Defeat the DREAM Act

By Jonette Christian, Special to the BDN
Posted Dec. 16, 2010, at 11:38 p.m.

The DREAM Act has been introduced in Congress every year for nine years, and it hasn’t passed for good reasons. It’s a deception. A Trojan horse. Although its stated premise may have some merit, the bill is so poorly framed that it should be defeated and totally rewritten.

Immigrant advocates make an appealing case. We hear endless stories of “deserving students” suffering from their parents crimes. Even the Bangor Daily News jumped on board. Despite all the pressing tax and funding measures before Congress, Harry Reid and Nancy Pelosi have made passage of the DREAM Act a top priority during the lame-duck session. Why? Politics. Long term, the DREAM Act makes good sense for the Democrats, attracting millions of new illegal immigrants, grateful for citizenship.

So what makes this bill a Trojan horse? The bill offers immediate legal status to anyone under 30 who claims he arrived before age 16, graduated from high school, lived here over five years, and expresses the intention of enrolling in college or the military. No proof is necessary. There are no numerical limits nor end dates for the application. By just completing an application, applicants instantly acquire work permits to compete against 16 million unemployed Americans.

And, the Department of Homeland Security is explicitly prohibited from deporting any illegal immigrant who has filed a DREAM application. The only way fraudulent applicants lose their work permit is if the government brings individualized cases to prove they lied on their application. This is important, because previous am-nesties have attracted massive fraud.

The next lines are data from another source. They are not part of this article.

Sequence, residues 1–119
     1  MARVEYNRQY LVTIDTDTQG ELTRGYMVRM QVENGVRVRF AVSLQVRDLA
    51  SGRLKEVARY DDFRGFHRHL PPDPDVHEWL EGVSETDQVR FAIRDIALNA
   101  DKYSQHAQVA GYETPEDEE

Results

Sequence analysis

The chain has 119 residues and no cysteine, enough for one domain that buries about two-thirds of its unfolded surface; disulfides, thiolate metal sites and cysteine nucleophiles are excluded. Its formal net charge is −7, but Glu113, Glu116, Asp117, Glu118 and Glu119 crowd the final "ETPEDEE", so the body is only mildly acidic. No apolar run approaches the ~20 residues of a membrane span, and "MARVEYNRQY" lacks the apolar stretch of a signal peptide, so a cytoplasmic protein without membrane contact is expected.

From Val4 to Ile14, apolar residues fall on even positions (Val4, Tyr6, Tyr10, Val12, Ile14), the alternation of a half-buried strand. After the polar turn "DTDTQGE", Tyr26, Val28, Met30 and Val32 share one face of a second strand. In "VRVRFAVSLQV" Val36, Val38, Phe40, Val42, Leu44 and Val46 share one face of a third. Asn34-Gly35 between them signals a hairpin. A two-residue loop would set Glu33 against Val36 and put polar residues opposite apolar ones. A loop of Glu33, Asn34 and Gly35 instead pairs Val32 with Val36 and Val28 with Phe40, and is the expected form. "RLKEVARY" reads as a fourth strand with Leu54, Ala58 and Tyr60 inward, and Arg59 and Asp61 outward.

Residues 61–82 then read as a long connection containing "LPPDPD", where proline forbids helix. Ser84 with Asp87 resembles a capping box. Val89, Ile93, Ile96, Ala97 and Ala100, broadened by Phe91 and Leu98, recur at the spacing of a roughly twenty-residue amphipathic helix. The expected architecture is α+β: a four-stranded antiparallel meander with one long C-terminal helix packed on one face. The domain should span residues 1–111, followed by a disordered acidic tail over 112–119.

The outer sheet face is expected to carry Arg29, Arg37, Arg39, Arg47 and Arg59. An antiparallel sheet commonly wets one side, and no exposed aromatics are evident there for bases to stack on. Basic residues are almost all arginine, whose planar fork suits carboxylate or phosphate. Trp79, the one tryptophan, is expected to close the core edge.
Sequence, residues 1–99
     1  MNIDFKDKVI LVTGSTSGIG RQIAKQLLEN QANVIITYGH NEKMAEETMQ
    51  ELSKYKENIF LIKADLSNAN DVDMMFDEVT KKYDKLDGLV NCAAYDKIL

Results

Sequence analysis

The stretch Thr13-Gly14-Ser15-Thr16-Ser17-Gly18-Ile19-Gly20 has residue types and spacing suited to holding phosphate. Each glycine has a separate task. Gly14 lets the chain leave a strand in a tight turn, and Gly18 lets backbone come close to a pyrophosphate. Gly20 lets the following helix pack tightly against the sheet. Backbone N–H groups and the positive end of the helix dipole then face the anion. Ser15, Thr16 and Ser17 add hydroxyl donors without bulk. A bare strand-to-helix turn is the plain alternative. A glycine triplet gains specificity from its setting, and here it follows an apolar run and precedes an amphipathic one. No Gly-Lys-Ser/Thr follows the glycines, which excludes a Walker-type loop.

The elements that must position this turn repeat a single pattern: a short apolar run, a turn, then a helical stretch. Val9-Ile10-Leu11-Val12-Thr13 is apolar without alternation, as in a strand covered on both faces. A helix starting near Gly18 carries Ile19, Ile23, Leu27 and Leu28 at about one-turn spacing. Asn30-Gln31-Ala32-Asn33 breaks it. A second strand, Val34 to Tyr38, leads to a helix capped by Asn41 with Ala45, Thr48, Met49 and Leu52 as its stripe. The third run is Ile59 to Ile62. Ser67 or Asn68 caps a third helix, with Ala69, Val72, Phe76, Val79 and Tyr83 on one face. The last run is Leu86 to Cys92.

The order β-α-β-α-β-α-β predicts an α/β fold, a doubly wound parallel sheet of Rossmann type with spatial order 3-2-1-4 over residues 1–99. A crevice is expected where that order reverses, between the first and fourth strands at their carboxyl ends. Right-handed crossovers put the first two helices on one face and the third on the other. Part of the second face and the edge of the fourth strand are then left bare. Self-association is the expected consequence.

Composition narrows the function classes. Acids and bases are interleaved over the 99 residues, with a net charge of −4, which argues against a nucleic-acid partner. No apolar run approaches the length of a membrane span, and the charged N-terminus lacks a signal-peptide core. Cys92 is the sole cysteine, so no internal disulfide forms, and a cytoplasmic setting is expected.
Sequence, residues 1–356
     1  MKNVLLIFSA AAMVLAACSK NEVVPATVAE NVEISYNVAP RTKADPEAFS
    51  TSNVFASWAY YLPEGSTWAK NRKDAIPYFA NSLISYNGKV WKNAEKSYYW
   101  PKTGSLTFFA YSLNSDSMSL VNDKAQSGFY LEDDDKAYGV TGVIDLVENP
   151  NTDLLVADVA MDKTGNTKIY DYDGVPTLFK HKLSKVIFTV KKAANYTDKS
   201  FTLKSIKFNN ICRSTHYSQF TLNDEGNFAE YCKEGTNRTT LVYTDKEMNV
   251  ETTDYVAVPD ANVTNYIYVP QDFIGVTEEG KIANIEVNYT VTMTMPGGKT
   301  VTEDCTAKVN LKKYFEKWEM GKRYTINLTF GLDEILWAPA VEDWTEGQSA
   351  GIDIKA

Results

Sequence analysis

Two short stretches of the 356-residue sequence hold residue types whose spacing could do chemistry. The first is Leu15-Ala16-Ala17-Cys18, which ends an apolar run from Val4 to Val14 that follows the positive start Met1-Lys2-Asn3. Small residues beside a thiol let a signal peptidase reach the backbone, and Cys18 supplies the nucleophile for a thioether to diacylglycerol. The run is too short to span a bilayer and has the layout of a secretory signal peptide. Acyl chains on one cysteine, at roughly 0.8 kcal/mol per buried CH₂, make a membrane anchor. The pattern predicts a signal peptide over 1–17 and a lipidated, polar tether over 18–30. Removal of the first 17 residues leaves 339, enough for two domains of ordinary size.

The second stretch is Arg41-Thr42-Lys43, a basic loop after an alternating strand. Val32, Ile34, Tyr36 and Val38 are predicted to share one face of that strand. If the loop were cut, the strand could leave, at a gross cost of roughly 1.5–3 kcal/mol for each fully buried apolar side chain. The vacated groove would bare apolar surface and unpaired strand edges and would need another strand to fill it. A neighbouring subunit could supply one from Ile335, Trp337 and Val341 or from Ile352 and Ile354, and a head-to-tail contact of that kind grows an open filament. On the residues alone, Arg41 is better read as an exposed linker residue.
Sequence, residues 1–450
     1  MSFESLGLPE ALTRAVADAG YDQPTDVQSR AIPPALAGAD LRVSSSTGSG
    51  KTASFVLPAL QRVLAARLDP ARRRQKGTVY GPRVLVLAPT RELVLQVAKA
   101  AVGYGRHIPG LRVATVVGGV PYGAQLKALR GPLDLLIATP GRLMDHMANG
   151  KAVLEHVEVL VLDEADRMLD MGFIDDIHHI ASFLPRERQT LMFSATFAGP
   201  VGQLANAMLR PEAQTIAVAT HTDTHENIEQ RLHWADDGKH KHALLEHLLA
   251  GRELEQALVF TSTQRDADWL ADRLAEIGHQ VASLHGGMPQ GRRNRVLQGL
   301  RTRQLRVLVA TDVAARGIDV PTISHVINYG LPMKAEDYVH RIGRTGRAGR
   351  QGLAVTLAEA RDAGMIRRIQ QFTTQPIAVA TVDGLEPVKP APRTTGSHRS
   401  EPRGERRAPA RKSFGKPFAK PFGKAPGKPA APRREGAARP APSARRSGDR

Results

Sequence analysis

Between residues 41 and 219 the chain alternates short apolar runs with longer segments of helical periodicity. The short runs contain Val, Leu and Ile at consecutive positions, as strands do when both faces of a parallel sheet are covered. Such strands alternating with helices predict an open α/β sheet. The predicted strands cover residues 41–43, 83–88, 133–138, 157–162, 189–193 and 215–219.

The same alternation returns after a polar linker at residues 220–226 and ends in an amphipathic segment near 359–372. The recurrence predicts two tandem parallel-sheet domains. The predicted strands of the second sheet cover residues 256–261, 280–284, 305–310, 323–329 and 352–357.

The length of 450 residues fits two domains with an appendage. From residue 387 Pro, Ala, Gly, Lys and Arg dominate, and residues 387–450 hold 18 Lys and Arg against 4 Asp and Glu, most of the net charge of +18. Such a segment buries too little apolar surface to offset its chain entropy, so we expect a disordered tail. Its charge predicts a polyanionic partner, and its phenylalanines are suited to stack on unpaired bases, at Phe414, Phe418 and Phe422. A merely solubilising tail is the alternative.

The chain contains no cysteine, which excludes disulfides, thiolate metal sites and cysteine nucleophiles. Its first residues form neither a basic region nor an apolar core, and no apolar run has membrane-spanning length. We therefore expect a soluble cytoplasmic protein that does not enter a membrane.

Consider the Special Agricultural Workers amnesty of l986. That bill focused on agricultural workers who were felt to deserve amnesty, but they didn’t have good documentation to prove eligibility. Like the DREAM Act, the documentation requirements were set very low. It was estimated that 350,000 would be eligible, but over l.3 million applied.

An overwhelmed Immigration and Naturalization Service essentially rubberstamped everyone. Experts estimate that up to half the green cards granted were fraudulent. Under this amnesty, Mahmud Abouhalima, mastermind of the 1993 World Trade Center bombing, gained legal residence as a “special agricultural worker.” Roberto Suro, a former New York Times reporter, who later headed the Pew Hispanic Center, described the amnesty as “one of the most extensive immigration frauds ever perpetrated against the U.S. government.”

But the DREAM act is much worse. All applicants are processed on an “expedited basis,” moving to the front of the line ahead of millions who are waiting to enter legally. And those who don’t fulfill their educational or military requirements within 10 years may employ the “hardship clause” to extend their legal residence in-definitely.

Each amnestied person will eventually be able to sponsor their parents for legal immigration, the people who were not innocent children when they broke our laws. In addition, states will bear an estimated $6.2 billion a year in costs to educate the additional college enrollment. Another unfunded federal mandate. Finally, this bill will only encourage more families to risk their children’s lives to come here illegally, counting on an eventual Dream Act II

Enforcing our laws impartially is just and fair. But sometimes we temper justice with compassion. The plight of some illegal immigrant youth who came here at very young ages and never learned the language of their native land may warrant a limited amnesty. If the DREAM Act focused only on these youth, then it would have passed long ago. But the authors behind the DREAM Act had much bigger aspirations. Open border advocates are cynically using the plight of a few deserving young people to pass another massive amnesty for many who were not innocent.

The DREAM Act is their dream too: more cheap labor, more consumers, and a dysfunctional immigration system.

Sens. Olympia Snowe and Susan Collins have been targeted by the White House and many immigrant advocates from outside Maine to support the DREAM Act. Their votes will be crucial . They need to hear from us: The DREAM Act should be defeated and rewritten.

Jonette Christian of Holden is a member of Mainers for Sensible Immigration Policy. She can be reached at jonettechristian@rocketmail.com.

http://bangordailynews.com/2010/12/16/opinion/defeat-the-dream-act/ printed on September 16, 2014